Economic growth and relaxed political restrictions allowed a middle class to eventually evolve in Tokugawa Period (1603-1868) Japan. This growing social class had the advantages of social mobility and enough freedoms provided by entrepreneurial success to allow interest in Buddhism. This non-aristocratic sphere of the populace was particularly interested in Pure Land Buddhism. Rennyo (1415-1499), the eighth generational descendent of Shinran, rejuvenated and systematized the pastoral position within the orthodox Honganji, the head temple for Jōdo Shinshū. He began a recruitment and proselytization campaign similar to Shinran. Despite the fact that Rennyo and his followers were persecuted by the monastic establishments, his work would soon establish Pure Land Buddhism as a significant political and economic force.28 We have seen that Amida-centered practices form a significant component of the larger Mahayanist Pure Land discourse, not only in Japan, but across Asian Buddhist history as a whole. Why then, has this important component of ritual and popular practice been relegated to the margins of academia, and all but neglected in popular writings? One the primary aims of this paper has been to express the degree to which Pure Land oriented systems have been important to the development and propagation of Buddhism. Now that we have established this, I will continue by examining the reasons for its dismissal, and possible corrective measures to be taken to account for this in the future. Colonialism, Orientalism, and the Origins of Buddhist Studies In 1837, Brian Hodgson (1800-1894) delivered 147 Sanskrit manuscripts to Eugene Burnouf who published the Introduction 'a l'historie du Buddhisme Indien in 1844. Hodgson had discovered a large stockpile of Sanskrit and Tibetan texts in Nepal, thus "jump-starting" Buddhist Studies as an academic discipline. Due to the persecution of Buddhists under the Mughal Empire, however, Buddhism was all but dead in India and there were few living examples of Buddhism immediately within the Indic sphere. In addition, the British saw Tibetan, Nepalese, and Bhutanese traditions as "corrupted" and therefore unreliable.29 It is important to note that Buddhism as an object of study was created while the British were "conquering" China and India.30 Therefore, the colonialist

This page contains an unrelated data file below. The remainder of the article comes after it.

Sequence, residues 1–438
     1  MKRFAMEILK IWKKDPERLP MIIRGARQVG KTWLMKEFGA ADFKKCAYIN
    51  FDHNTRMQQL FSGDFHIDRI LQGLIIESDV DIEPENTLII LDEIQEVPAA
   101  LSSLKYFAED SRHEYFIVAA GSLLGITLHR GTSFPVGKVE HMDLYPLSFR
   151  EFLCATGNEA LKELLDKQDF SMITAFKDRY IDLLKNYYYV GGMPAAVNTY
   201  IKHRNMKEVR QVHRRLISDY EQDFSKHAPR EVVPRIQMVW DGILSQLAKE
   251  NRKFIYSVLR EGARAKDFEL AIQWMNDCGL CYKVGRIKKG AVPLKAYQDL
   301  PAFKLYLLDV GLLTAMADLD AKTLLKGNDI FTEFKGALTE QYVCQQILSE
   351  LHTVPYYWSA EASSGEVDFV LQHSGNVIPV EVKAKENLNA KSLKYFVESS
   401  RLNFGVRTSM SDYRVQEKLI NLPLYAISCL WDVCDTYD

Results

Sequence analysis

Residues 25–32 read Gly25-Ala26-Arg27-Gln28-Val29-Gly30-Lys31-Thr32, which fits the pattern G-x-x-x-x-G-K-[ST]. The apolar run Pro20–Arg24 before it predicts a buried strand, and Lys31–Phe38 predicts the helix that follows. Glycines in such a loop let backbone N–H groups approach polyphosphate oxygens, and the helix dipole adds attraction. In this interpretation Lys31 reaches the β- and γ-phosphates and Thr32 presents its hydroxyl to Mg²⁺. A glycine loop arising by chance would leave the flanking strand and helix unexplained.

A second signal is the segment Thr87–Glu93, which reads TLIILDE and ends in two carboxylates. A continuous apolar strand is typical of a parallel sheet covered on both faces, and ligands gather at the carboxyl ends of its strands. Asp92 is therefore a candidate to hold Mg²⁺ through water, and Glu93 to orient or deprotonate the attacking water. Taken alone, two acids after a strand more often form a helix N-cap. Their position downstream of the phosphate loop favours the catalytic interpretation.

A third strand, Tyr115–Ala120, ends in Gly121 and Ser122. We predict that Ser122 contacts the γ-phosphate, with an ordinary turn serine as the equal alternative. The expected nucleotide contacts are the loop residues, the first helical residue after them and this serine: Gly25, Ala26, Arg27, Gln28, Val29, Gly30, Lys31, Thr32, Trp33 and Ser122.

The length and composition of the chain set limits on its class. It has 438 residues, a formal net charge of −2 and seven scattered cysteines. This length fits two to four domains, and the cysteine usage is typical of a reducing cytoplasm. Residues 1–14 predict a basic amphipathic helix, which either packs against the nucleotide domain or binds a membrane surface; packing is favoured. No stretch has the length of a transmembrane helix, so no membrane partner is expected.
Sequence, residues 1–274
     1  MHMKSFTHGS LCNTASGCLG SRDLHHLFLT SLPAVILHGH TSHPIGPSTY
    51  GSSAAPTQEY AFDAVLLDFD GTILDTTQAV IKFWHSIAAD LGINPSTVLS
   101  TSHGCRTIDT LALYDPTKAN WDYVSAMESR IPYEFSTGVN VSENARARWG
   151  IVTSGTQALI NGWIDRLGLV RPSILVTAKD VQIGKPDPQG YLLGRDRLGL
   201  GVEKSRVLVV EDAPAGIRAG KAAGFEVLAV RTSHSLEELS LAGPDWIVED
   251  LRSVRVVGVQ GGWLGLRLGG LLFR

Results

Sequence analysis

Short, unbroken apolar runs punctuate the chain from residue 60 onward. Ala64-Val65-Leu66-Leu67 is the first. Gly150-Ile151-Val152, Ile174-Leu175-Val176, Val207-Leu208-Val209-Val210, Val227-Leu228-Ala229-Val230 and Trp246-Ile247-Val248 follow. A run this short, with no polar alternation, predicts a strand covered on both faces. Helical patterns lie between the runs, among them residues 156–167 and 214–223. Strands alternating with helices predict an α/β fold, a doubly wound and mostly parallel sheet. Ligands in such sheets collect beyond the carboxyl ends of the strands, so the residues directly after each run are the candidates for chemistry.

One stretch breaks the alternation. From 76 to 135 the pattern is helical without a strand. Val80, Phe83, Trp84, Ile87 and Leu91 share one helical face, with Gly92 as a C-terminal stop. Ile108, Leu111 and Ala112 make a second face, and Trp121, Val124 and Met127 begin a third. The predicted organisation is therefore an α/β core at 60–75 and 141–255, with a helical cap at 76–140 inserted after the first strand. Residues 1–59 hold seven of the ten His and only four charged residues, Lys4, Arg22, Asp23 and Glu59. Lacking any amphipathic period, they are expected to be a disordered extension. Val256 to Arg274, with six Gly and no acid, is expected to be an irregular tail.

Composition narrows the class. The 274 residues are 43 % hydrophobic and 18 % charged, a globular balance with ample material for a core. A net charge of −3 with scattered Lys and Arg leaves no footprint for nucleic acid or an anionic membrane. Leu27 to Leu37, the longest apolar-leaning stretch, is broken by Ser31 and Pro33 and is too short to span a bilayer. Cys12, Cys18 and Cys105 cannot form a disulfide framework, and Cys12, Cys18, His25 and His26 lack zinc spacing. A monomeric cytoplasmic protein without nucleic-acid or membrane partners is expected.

agenda at work in the creation of this field of study no doubt served as a means by which to undermine the legitimacy of native and indigenous cultures. Early Buddhism, i.e., that which was extrapolated from the earliest texts as being the original manifestation of "Buddhism," was elevated in the minds of European Sanskritologists like F. Max Muller. Sanskrit, the root language of Buddhism, was understood to be linguistically linked with Greek, Latin, and German. This grouping was later employed as a way to justify racist attitudes towards Indians and modern Buddhists, who were seen as perverting their pristine "Aryan" culture with debase rituals and idolatry. Buddhism, in the European eye, was linked with this "Aryan" past, and thus Europe. The existence of Buddhism in the classical Indian period located the earliest Buddhist texts within the cultural realm of the earlier Aryan culture. This logic was used by European scholars to emphasize how Indian and Chinese Buddhism had deviated from its golden age, thus becoming corrupt and defunct in the present age. Early Buddhism was seen as rational and psychological, but most importantly, Aryan. This showed great contrast to the cultures that Europeans had labeled primitive, backward, ritualistic, and superstitious. 31 Early European scholars of Buddhism operated under a few basic assumptions. First, the original philosophy of Buddhism was Sanskrit-Aryan, thus culturally related to Europe. Second, this earlier Buddhism was a rational rejection of "benighted" Hindu dogma and ritual. These two ideas, when combined, undermined the possibility for any positive portrayal of the various forms of Buddhism as they existed in modern Asia. Therefore, when Buddhism was finally portrayed in a positive light by later European scholars it manifested a vision that was essentially controlled by European thinkers. Modern Buddhism as it existed in Asia was devalued in comparison. Early portrayals of Buddhism in Western scholarship were extracted from Pali/Sanskrit texts which circulated among the monastic elites of ancient India. Many of these texts are primarily concerned with doctrine and monastic codes or stories and parables. It is very likely that those texts had almost no influence upon the way Buddhism was first practiced (by laity or monks). In fact, through recent archeological and epigraphic analysis, we have learned that Buddhism was first practiced in coalition with